So, somehow the music already anticipates and resolves the impact between East and West through dialogue and synergy, and likewise that between tradition and modernity. Venerable John Paul ii imagined an analogous vision of a united and harmonious Europe, when by employing the same image suggested by Vyacheslav Ivanovich Ivanov of the "two lungs" to which it is necessary to return in order to breathe he expressed the hope for a renewed awareness of the profound, common cultural and religious roots of the European continent. Without them, it would be as if modern Europe lacked a soul, or in any case would be marked by a reductionist and biased view. It was precisely to reflect further on these problematical issues that the Symposium was held yesterday on the theme, "Orthodox and Catholics in Europe Today: The Christian Roots and the Shared Cultural Heritage of East and West", organized jointly by the Patriarchate of Moscow, the Pontifical Council for Promoting Christian Unity and that for Culture.

As I have affirmed many times, contemporary culture particularly that of Europe runs the risk of amnesia, of forgetting and therefore abandoning that extraordinary heritage that the Christian faith has generated and inspired. It constitutes the essential framework of European culture, and not of it alone. Beyond the religious life and the witness of many generations of believers, Europe's Christian roots in fact also encompass its invaluable cultural and artistic patrimony: the boast and precious resource of the peoples and Countries in which the Christian faith in its diverse manifestations has engaged in dialogue with culture and the arts, animating and inspiring them, fostering and promoting creativity and human genius like never before. Those roots are still alive and fruitful today, in both East and West, and they can or rather they must inspire a new humanism, a new season of authentic human progress, in order to respond effectively to the numerous and sometimes crucial challenges which our Christian communities and our societies must face. Above all, the first is that of secularization, which not only tends to disregard God and his design but also ends up denying human dignity itself, with a view to a society regulated solely by selfish interests.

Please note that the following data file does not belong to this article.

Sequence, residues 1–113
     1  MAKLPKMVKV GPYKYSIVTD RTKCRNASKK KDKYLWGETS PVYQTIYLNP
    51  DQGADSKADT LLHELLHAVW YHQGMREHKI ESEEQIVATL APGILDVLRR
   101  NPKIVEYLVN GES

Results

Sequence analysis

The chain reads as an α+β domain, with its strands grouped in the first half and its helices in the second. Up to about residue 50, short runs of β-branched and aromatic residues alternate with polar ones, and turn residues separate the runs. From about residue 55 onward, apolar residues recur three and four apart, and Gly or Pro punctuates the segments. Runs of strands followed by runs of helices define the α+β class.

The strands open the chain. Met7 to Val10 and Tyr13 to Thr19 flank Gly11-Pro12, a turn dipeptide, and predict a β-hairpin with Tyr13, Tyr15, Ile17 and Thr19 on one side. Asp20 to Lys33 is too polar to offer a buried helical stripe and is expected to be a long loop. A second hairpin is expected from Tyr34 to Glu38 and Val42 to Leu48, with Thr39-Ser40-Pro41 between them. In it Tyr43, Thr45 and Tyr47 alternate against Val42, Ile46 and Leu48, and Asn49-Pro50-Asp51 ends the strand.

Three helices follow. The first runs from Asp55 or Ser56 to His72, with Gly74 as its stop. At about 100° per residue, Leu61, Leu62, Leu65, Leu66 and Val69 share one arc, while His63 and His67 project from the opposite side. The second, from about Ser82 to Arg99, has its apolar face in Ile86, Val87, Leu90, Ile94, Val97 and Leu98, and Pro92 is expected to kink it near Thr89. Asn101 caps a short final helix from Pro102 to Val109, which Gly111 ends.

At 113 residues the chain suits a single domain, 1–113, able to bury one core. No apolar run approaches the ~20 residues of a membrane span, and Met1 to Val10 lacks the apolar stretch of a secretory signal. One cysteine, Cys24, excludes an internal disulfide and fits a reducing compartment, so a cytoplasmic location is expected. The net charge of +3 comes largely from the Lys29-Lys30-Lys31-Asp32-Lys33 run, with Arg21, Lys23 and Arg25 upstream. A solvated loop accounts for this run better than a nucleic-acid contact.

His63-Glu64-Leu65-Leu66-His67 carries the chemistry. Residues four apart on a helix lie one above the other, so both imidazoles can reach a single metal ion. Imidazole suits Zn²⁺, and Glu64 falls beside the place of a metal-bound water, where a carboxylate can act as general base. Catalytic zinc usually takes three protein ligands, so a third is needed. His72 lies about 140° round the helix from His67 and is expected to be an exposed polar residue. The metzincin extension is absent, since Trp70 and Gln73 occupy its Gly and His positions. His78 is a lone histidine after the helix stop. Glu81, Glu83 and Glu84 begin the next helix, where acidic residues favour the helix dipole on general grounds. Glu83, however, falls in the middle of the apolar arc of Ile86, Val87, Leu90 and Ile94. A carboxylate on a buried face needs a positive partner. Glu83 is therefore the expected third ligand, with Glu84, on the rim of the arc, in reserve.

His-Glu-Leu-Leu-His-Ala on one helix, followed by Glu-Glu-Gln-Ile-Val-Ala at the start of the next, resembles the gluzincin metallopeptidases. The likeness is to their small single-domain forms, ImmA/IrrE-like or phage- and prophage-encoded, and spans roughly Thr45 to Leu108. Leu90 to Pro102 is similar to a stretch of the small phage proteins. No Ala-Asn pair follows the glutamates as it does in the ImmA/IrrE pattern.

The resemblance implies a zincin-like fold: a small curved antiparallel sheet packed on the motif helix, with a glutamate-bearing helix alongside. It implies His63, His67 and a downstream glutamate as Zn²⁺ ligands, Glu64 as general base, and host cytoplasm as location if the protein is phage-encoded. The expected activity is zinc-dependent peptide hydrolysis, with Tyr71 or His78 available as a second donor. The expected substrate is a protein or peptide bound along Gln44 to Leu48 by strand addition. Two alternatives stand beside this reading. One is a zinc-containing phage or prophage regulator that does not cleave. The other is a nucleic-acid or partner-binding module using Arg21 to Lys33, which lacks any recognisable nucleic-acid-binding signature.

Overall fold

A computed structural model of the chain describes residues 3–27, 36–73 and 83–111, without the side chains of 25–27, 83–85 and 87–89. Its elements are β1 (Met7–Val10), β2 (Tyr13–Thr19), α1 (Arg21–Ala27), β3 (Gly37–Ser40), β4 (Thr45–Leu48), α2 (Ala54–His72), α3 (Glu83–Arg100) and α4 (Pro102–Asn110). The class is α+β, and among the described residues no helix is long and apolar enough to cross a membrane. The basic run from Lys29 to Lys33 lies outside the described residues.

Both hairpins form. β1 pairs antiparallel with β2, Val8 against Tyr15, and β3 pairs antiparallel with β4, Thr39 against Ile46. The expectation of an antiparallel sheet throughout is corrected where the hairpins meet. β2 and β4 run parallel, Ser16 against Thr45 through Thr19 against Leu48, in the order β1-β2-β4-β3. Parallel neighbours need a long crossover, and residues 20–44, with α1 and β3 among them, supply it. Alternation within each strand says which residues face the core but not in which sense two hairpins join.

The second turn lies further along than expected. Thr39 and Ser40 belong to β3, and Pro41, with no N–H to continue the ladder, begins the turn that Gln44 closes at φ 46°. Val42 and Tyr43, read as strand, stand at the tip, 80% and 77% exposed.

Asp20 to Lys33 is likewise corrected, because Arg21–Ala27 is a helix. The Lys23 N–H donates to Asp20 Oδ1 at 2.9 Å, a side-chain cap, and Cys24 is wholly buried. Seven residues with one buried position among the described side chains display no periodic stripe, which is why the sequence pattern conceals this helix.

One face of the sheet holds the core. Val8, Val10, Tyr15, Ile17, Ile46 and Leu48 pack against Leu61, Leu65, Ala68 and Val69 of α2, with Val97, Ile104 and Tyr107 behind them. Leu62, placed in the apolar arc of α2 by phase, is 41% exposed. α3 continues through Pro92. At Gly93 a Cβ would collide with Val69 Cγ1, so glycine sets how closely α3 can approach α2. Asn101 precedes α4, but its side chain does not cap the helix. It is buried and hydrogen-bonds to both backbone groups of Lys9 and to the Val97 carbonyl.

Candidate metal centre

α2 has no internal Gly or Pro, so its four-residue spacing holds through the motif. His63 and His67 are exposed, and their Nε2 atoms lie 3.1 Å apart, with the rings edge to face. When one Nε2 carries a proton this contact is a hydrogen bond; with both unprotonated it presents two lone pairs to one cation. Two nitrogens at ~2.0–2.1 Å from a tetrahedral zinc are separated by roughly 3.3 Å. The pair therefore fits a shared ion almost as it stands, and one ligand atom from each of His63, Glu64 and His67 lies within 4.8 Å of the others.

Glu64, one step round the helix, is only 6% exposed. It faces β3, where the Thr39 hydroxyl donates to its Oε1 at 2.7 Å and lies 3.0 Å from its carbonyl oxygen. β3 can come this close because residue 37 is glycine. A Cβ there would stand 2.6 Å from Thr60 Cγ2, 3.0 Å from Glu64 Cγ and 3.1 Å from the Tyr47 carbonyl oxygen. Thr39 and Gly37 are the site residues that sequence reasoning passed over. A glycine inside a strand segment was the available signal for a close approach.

Let us return to the vision of a Europe that breathes with both lungs, to restore the spirit not only of believers, but to all the peoples of the Continent, thus promoting trust and hope by rooting them in the age-old experience of Christian faith! At this time, the consistent, generous and courageous Christian witness of believers cannot be lacking. In this way we will be able to seek a common future together, one in which freedom and dignity may be recognized as fundamental values of every man and woman, in which an openness to the Transcendent may be given worth, and in which the faith experience is considered a constitutive element of the human person.

In the piece by Mussorgsky, entitled The Angel Proclaimed, we listened to the words the Angel addressed to Mary and therefore to us, too: "Rejoice, all you people!". The reason for this joy is clear: Christ has risen from the tomb "and he has brought the dead back to life". Dear brothers and sisters, the joy of the Risen Christ is what enlivens us, encourages and sustains us on this our journey of faith and of Christian witness. Hence shall we offer true happiness and concrete hope to the world, so as to give valid reasons to have trust to humanity, to the people of Europe, whom I gladly entrust to the maternal and powerful intercession of the Virgin Mary. I renew my expression of gratitude to Patriarch Kirill, to Metropolitan Hilarion, to the Russian representatives, the orchestra, the choirs, the organizers and all here present. May the Lord's abundant Blessings descend upon all of you and upon your loved ones.



© Copyright 2010 - Libreria Editrice Vaticana


Copyright © Dicastero per la Comunicazione - Libreria Editrice Vaticana